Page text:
How Universities Can Rethink Support For Growing Number Of Adult Learners
Anya Kamenetz, April 18, 2018
You’ll hear a reasonable amount of discussion about “new traditional” students today. But the common assumption — in Washington at least — seems to be that they require more vocational education to fill a “skills gap,” particularly in STEM or technical fields. Or that they need quicker, cheaper paths to a degree.
if you ask incoming adult community college students about their educational aspirations, more than 70 percent want to get a bachelor’s or beyond.
The problem finding good hires is actually a jumble of different realities. In some sectors (for instance, advanced, digitally driven manufacturing), innovation has outpaced training, and there is truly a shortage of technically skilled workers. Higher ed needs to work with employers and government in these targeted sectors to fill a real “skills gap.”
In other sectors, employers complain they can’t find workers with communications, problem-solving and other soft skills. The solution to that is more liberal learning, not more technical workforce training.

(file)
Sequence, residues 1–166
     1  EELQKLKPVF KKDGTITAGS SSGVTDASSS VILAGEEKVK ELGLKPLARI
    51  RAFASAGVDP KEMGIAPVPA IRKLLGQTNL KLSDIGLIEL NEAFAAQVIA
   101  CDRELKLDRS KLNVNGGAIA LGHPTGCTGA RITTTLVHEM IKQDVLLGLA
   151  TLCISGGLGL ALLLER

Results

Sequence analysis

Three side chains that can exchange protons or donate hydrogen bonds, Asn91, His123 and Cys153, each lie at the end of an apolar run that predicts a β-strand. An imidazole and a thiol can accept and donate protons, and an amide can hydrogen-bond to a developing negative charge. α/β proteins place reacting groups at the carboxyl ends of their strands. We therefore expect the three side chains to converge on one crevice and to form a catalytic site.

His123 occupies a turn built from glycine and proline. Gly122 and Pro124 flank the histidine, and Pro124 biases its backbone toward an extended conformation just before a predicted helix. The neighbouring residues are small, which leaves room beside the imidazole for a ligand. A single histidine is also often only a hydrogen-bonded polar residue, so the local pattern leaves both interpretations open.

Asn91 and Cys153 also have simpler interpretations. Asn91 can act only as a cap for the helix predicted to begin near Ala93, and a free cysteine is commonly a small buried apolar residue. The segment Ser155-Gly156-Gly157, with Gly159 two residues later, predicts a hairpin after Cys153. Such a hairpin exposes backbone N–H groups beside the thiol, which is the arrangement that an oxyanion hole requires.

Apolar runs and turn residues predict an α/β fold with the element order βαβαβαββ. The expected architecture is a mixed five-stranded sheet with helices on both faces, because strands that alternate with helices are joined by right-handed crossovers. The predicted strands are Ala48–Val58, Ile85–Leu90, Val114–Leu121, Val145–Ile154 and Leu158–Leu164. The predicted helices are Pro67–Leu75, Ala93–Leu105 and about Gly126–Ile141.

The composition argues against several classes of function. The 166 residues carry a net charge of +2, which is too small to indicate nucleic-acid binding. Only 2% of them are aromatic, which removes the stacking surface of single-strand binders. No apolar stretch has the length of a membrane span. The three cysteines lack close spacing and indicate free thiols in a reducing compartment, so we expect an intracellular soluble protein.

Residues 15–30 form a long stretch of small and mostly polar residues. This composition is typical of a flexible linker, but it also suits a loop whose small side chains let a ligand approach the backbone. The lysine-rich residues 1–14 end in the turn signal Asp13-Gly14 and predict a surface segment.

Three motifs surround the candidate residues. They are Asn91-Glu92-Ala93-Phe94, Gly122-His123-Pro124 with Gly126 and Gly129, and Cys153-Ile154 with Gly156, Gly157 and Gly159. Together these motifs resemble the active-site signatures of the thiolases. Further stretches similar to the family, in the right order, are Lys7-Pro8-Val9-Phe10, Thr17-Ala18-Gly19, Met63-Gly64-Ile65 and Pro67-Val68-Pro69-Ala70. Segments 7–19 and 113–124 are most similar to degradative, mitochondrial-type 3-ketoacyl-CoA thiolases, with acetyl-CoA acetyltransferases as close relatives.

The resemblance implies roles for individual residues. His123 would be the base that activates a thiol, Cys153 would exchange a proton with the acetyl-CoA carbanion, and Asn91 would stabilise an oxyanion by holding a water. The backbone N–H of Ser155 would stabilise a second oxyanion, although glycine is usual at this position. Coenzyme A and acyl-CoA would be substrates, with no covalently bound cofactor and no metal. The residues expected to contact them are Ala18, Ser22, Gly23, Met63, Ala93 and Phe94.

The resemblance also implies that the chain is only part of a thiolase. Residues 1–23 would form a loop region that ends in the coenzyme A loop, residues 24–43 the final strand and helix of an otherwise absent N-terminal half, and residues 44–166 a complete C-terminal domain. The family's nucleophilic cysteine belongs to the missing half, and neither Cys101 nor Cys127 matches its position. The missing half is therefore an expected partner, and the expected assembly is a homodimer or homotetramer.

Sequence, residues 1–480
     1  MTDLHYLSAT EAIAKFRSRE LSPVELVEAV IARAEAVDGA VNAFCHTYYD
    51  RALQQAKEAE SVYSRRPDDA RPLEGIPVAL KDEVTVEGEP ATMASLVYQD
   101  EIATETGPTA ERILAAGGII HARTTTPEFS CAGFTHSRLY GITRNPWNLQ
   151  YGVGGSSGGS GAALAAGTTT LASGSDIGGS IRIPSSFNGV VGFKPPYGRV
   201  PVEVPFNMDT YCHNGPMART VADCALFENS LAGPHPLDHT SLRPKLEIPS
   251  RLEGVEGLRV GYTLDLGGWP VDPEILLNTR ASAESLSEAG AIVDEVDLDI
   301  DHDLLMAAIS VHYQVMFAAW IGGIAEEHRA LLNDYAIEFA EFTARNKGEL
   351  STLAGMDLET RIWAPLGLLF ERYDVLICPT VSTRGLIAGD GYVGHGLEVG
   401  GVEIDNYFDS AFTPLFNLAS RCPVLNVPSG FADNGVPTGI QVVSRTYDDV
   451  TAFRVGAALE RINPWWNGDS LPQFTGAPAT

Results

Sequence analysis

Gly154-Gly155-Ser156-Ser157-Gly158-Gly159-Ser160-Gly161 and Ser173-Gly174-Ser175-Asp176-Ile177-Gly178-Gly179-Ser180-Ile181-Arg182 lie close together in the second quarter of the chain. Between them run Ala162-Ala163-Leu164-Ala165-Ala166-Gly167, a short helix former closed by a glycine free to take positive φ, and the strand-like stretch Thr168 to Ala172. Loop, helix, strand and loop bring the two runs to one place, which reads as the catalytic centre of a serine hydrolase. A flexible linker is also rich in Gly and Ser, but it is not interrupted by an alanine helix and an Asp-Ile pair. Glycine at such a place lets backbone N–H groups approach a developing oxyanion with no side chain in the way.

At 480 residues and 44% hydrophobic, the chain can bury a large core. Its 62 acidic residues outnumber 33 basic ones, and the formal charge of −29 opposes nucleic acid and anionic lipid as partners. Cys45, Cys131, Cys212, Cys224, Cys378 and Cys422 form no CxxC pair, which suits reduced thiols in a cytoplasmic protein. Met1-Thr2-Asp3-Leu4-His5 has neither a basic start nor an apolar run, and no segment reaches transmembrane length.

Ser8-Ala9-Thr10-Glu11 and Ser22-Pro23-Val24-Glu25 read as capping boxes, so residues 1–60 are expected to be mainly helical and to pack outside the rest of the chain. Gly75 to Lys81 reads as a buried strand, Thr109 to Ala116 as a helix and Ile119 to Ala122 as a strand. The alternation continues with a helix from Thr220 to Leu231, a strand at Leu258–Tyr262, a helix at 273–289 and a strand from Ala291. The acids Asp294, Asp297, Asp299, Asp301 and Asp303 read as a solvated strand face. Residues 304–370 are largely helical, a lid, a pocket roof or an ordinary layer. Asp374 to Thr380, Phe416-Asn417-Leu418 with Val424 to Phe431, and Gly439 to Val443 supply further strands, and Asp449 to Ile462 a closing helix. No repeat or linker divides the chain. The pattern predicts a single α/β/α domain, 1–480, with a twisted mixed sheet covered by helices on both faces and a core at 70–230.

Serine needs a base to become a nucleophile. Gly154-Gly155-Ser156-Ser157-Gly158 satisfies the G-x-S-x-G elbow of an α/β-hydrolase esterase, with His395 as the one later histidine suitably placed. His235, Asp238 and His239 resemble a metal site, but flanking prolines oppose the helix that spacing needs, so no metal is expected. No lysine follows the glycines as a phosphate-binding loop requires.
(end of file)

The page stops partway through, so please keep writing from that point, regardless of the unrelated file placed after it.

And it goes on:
For most nontraditional students, this dimension of “self-authoring” (in the words of psychologist Marcia Baxter Magolda) is not less crucial, but even more. They often feel that they have failed in some way the customary narrative of high-school-to-college that defines successful adulthood.
The obstacles they face are as diverse as their lives. But here’s one key way of understanding what they share: Adult, nontraditional students have to fit their studies into complex lives with multiple roles and stressors, rather than being able to organize their work and social life around a central role as a college student.
more on higher ed in this IMS blog: